Wednesday, April 01, 2015
Most voters still oppose a religious freedom law in their state like the one adopted in Indiana. Yet despite concerns that such laws may lead to discrimination against gays and lesbians, voters also continue to strongly defend the right of a Christian photographer to turn down a same-sex wedding. Many also believe the media portray religious freedom laws unfairly.
Arkansas this week came a step closer to joining the 20 states that have laws prohibiting the government from forcing businesses to provide services they find objectionable on religious grounds, but 53% of Likely U.S. Voters oppose such a law in their state. The latest Rasmussen Reports national telephone survey finds that 35% favor a law that would allow businesses to refuse service to customers for religious reasons. Twelve percent (12%) are undecided. (To see survey question wording, click here.)
These findings show higher support for such laws compared to a survey of all adults last year just after Arizona Governor Jan Brewer vetoed similar legislation in her state. Just 20% of adults supported such a law in their state at that time, while 66% were opposed.
Fifty-three percent (53%) of voters are concerned that religious freedom laws will lead to widespread discrimination against gays and lesbians, including 30% who are Very Concerned. Forty-three percent (43%) don’t share this concern, with 22% who are Not At All Concerned.
Seventy percent (70%) still agree that a Christian wedding photographer who has deeply held religious beliefs opposing same-sex marriage has the right to turn down working a job at such a wedding. That’s down slightly from 73% last year and 85% in 2013 after a New Mexico photographer was sued for this reason. Nineteen percent (19%) believe the Christian photographer should not have the right to turn down a same-sex wedding job, while 12% are not sure.
Just 27% of voters believe gay rights groups and the media accurately portray religious freedom laws like the one in Indiana. Fifty-one percent (51%) disagree and think they make the laws sound more discriminatory than they really are. A sizable 22% are undecided.
The national telephone survey of 1,000 Likely Voters was conducted by Rasmussen Reports on March 30-31, 2015. The margin of sampling error for the survey is +/- 3 percentage points with a 95% level of confidence. Fieldwork for all Rasmussen Reports surveys is conducted by Pulse Opinion Research, LLC. See methodology.
Half of voters agree with the U.S. Supreme Court that a business owner should be able to opt out of Obamacare’s contraceptive mandate if it violates his or her religious beliefs.
Seventy-six percent (76%) of voters say they have closely followed recent news reports about religious freedom laws like the one recently adopted in Indiana, including 33% who are following Very Closely. Those who say they are following the news the closest show slightly more support for similar laws in their state but also have the strongest concern that such laws discriminate against gays and lesbians.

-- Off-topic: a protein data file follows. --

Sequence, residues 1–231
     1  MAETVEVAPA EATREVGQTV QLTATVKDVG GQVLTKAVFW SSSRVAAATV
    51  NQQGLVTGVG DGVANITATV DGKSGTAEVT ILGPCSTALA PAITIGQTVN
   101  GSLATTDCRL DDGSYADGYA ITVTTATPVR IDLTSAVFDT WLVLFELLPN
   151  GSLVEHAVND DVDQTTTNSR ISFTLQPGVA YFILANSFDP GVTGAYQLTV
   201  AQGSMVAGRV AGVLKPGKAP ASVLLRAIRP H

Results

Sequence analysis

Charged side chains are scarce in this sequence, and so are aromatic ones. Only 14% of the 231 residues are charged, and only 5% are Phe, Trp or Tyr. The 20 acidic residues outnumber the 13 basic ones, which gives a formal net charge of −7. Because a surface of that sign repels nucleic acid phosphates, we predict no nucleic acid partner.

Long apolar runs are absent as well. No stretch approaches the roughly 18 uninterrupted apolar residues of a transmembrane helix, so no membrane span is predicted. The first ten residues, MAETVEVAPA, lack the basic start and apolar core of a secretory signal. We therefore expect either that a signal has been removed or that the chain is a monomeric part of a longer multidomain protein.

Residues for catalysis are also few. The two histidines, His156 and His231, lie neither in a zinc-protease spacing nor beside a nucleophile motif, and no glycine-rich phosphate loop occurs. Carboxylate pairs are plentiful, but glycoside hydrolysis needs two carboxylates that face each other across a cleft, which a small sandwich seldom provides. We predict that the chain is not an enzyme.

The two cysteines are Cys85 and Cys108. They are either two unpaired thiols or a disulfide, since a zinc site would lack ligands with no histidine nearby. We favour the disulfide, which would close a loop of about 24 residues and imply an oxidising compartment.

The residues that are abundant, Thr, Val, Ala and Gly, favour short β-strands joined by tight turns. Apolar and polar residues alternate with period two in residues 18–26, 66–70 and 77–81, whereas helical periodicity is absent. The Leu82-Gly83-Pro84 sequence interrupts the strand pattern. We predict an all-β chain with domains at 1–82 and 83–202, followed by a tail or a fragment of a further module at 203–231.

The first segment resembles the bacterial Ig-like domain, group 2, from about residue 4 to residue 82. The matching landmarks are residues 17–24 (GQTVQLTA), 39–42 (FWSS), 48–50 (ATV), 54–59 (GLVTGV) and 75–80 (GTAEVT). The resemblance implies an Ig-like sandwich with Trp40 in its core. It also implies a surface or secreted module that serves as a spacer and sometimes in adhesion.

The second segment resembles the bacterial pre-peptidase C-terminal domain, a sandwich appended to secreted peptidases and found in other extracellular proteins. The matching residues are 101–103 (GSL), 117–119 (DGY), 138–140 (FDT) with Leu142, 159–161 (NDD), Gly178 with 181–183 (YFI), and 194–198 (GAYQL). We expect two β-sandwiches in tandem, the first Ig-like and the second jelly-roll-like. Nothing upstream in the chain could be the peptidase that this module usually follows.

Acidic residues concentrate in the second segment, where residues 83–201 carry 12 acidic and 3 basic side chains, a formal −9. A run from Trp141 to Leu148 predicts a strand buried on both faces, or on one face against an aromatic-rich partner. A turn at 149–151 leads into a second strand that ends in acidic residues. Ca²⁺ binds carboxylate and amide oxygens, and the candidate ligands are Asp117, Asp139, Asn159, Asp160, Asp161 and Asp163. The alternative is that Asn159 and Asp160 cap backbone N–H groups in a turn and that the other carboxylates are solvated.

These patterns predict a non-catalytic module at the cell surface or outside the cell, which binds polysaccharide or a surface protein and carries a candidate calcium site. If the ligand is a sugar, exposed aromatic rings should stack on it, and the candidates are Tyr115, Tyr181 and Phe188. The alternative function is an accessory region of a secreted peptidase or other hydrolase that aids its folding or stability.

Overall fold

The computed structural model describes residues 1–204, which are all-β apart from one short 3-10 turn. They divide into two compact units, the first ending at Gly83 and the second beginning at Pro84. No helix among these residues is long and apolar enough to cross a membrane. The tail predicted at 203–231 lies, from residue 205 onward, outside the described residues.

Voters under 40 have much greater concern that religious freedom laws may discriminate and are less supportive of such laws. Most voters of all ages, though, are in general agreement that a Christian photographer should be able to turn down a same-sex wedding job.
Those 40 and over are more convinced that gay rights groups and the media mischaracterize religious freedom laws, but they are also following the news more closely than younger voters are.
Most Republicans (59%) favor religious freedom laws in their state, compared to just 13% of Democrats and 37% of voters not affiliated with either major political party.
Democrats are strongly concerned that such laws may discriminate against gays and lesbians; most GOP voters disagree. Unaffiliated voters are almost evenly divided. But 56% of Democrats agree with 84% of Republicans and 69% of unaffiliated voters that a Christian photographer should be able to turn down a same-sex wedding job if it violates his religious beliefs.
Most Republicans (74%) and unaffiliateds (53%) believe religious freedom laws are misrepresented by the media and gay rights groups, but just 30% of Democrats share that view.
Seventy-two percent (72%) of all Americans say their religious faith is important in their daily lives. Thirty-three percent (33%) think the government discriminates against people of religious faith, but 44% disagree.
Forty-four percent (44%) of Americans think the media in this country are generally respectful of organized religion and those who practice it, but 36% say the media is not respectful of religion and people of faith.
Most voters nationwide support a law prohibiting workplace discrimination on the basis of gender identity or sexual orientation, but one-in-three think certain religious organizations should be exempt from it.
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